We all know the US has had a downturn. What really matters is the depth and duration of the downturn, and doomsday cultists are likely to be perversely disappointed.

Debt markets gyrated wildly this week, with Australian 90-day bank bill futures collapsing up to 30 basis points on Tuesday, only to rally by a similar amount Thursday, before selling off again on Friday. Global debt markets are re-pricing the US and thus the global economic outlook. Most notably, Fed funds rate futures are now pricing a 30 per cent chance of a 25 basis point tightening in US monetary policy at this month’s US FOMC meeting. There is also a growing expectation for a further tightening from the European Central Bank at its July meeting. Prediction markets such as Intrade put the probability of two consecutive quarters of
negative growth in the US this year as low as 27 per cent.

This is not to say that the US will necessarily escape a ‘recession’, at least not in terms of the definition favoured by the National Bureau of Economic Research (NBER) Business Cycle Dating Committee. With NBER President Martin Feldstein having been a prominent propagandist for the US recession view, the committee now has a strong vindication bias in declaring that a ‘recession’ has taken place. But this amounts to little more than saying there has been a downturn in activity, something already evident in the data. What matters is the depth and duration of the downturn, and on this score, the doomsday cultists are likely to be perversely disappointed.

This week’s local data proved to be a mixed bag. April housing finance came in weaker than expected, pointing to a further contraction in housing supply, which is a negative for the inflation and interest rate outlook. Consumer confidence fell to its lowest since December 1992, but this is being driven in large part by media reporting on inflation, hardly the basis on which to forecast a moderation in future inflation.

This concern is even more readily apparent in the consumer 12-month inflation expectations survey, which rose to a new 15-year high of 5.9 per cent in June. Those who think consumers are over-estimating future inflation might care to annualise the rate of underlying inflation seen in the TD-MI survey in recent months. Much of the RBA’s credibility on inflation control has now been squandered in the eyes of the public. With June 2009 30-day inter-bank futures implying an official cash rate around 7.60 per cent , the expected real cash rate for the median consumer is under 2.00 per cent . RBA Governor Glenn Stevens said this week that ‘a tight monetary policy setting is essential,’ but on this metric, policy remains too easy.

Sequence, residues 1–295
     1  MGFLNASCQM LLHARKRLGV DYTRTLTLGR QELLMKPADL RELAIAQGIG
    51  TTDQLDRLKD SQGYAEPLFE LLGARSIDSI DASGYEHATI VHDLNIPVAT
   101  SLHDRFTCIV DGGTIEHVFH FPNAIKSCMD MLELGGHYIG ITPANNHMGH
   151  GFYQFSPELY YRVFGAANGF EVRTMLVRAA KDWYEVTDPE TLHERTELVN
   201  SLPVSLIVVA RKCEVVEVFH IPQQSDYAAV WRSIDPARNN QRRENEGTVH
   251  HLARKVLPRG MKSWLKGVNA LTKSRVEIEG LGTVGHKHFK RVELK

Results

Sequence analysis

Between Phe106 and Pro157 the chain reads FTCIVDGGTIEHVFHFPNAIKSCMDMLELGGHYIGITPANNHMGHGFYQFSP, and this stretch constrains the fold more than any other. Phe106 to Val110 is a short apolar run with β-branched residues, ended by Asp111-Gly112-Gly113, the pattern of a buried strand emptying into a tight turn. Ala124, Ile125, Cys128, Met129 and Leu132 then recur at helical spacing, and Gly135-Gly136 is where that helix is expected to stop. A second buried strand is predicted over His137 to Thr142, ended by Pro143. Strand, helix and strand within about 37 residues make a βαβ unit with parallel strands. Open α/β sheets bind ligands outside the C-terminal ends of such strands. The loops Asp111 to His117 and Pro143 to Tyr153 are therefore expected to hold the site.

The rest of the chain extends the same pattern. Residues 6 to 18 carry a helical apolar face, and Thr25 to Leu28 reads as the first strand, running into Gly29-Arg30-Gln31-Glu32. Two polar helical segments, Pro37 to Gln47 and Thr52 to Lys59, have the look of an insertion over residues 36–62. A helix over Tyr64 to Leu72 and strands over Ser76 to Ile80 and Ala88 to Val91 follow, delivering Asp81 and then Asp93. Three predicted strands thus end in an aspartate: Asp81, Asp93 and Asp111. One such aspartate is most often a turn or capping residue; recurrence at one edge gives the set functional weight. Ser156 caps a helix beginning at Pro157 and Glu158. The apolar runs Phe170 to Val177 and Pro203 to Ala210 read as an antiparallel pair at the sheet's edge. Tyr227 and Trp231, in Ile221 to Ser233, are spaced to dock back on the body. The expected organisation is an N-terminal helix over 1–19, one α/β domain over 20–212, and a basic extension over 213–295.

Thursday’s short-end rally was driven by the first monthly decline in employment since October 2006, bringing to an end the longest uninterrupted run of monthly employment growth in the history of the current labour force series dating back to 1978. This was well below expectations, although partly reflected a large upward revision to the April estimate. We suspect all of these jobs and then some will be reclaimed in June, although this is still likely to leave employment growth on a moderating trend.

The unemployment rate is still only 0.3 percentage points above its recent generational lows of 4.0 per cent and will need to rise further if the RBA is contain, much less reduce, inflation pressures. Turning points in the unemployment rate and official cash rate are closely correlated historically, suggesting the RBA will look to the unemployment rate to confirm a turning point in activity.

There is only a limited local calendar next week, including the release of the minutes of the RBA’s June Board meeting. The May minutes revealed that the market was badly dudded by the RBA’s post-May Board meeting statement and the May Statement on Monetary Policy. The June minutes may once again see some discussion of the need for further tightening, but recent growth and inflation outcomes speak much more loudly on that score.

Dr Stephen Kirchner is an independent financial market economist. His blog can be found at http://www.institutional-economics.com

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